1. Technical Analysis

Technical analysis is one of the cornerstones of forex market analysis. It uses the basic simplifying assumption that the current market exchange rate discounts all available information available to forex traders. 

Technical analysis has the advantage over the other analysis methods of being able to provide objective buy or sell decisions that can help traders overcome their emotional impulses when trading currency pairs.  

Many technical forex traders use a currency pair’s exchange rate history to measure the levels of supply and demand in the market by identifying levels of support and resistance on exchange rate charts. Others may use technical indicators computed from market observables like the exchange rate, volume and open interest. 

Since the forex market is decentralized, however, observables like volume and open interest are less reliable and mainly come from the limited activity seen on futures exchanges. 

2. Fundamental Analysis

Fundamental analysis focuses on how currencies are affected by socioeconomic and geopolitical factors in real-world situations. Currencies trade in pairs, so a fundamental analyst should examine the underlying fundamental factors for both currencies relative to each other. 

A currency’s valuation can often be affected by the political environment in the issuing nation. For example, if a change of government is imminent in a country, then the incoming administration's policies could significantly affect its currency valuation against other currencies, especially if they seem radically different from the former administration.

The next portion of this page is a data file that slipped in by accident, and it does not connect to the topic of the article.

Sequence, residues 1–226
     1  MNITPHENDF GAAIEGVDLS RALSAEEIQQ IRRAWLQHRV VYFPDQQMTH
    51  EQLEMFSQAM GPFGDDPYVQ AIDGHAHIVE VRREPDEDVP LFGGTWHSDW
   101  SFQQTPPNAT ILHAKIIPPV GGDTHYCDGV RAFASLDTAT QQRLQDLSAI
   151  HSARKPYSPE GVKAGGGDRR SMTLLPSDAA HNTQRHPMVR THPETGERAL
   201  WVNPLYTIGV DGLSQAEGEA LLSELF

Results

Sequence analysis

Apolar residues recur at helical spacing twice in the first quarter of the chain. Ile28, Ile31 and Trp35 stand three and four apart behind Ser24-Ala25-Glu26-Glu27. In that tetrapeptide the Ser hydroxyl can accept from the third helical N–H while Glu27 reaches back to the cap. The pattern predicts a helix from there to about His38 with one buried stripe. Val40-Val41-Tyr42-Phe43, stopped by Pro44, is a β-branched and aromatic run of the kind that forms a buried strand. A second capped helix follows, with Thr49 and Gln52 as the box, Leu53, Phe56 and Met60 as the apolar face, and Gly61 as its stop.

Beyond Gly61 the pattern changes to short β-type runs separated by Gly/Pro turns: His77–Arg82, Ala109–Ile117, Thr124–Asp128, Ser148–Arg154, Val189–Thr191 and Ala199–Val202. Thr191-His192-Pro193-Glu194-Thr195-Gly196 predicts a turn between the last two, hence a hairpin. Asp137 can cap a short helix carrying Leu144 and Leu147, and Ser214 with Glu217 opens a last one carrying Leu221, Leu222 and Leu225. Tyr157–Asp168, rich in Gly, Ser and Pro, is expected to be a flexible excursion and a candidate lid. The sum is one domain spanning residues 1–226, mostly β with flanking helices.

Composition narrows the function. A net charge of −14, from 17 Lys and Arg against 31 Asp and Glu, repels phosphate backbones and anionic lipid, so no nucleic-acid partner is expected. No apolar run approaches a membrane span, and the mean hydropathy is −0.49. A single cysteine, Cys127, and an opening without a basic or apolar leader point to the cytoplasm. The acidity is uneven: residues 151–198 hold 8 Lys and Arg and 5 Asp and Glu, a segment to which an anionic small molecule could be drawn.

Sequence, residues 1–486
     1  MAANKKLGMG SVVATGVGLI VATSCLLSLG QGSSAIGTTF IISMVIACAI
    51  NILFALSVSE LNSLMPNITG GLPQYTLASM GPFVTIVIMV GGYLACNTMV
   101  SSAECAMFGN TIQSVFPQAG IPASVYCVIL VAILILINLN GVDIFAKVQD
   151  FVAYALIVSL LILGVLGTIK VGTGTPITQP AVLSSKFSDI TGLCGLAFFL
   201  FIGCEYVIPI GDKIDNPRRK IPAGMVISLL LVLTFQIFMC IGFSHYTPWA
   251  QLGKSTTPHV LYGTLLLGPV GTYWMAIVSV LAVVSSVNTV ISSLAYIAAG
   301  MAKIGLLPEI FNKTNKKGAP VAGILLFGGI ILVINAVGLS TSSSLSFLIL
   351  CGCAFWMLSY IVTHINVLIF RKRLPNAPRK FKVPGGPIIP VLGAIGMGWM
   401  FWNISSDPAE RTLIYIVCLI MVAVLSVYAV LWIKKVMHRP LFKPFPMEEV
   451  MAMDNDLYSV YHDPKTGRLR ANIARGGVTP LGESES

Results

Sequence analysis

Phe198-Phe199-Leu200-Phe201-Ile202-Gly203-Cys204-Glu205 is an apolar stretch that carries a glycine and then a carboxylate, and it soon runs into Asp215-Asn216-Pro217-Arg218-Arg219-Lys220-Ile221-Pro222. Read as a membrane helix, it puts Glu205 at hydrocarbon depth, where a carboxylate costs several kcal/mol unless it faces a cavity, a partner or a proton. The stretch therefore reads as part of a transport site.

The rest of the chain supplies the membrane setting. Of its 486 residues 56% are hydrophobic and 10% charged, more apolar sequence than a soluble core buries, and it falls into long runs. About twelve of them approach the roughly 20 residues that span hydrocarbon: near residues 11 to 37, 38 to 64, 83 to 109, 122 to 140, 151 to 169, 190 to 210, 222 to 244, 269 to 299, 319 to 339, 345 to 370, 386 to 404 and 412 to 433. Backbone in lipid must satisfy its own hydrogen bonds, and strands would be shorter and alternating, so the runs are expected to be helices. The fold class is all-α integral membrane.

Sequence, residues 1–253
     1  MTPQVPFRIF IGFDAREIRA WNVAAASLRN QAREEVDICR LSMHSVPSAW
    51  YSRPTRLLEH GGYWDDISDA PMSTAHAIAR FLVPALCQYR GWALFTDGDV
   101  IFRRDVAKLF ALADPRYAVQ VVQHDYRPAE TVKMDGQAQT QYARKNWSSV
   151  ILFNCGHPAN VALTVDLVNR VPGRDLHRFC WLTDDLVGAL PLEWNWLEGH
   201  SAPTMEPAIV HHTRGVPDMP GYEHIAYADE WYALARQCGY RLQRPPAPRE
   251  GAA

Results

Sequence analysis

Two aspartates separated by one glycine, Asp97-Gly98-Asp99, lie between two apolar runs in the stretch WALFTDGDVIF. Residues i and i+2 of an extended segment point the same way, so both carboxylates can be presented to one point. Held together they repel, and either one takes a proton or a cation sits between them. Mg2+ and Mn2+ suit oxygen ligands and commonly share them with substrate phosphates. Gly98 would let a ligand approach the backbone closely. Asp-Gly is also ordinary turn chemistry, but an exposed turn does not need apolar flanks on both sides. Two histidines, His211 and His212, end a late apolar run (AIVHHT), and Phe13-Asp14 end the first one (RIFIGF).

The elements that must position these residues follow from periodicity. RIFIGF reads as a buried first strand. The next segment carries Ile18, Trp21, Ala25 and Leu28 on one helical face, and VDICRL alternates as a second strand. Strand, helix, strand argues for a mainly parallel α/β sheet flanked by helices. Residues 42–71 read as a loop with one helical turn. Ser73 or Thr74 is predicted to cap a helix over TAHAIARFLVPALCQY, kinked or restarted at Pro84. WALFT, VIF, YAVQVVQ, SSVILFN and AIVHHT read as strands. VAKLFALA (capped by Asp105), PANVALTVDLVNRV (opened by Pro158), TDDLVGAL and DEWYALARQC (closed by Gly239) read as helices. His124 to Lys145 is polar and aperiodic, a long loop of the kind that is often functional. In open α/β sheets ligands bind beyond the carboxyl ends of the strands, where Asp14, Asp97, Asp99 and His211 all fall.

Natural disasters are additional fundamental factors that can adversely affect a currency’s relative valuation since they can negatively impact the issuing country’s potential for economic growth. Examples include major events like floods, earthquakes, landslides, epidemics and hurricanes. 

While the forex market’s emphasis can and does change over time, the key economic fundamental factors that presently have the most significant effect on a currency’s relative value include:

  • Employment data: A nation’s employment data has a considerable impact on a currency’s valuation. If the country has an increasing level of employment, this would indicate a strong economy and continued economic expansion. Conversely, a decrease in employment levels suggests a lagging economy that may cause the national currency to decline in value relative to other currencies. Perhaps the most closely watched economic data release by forex traders is the U.S. Non-Farm Payrolls number that usually comes out on the first Friday after the end of each month.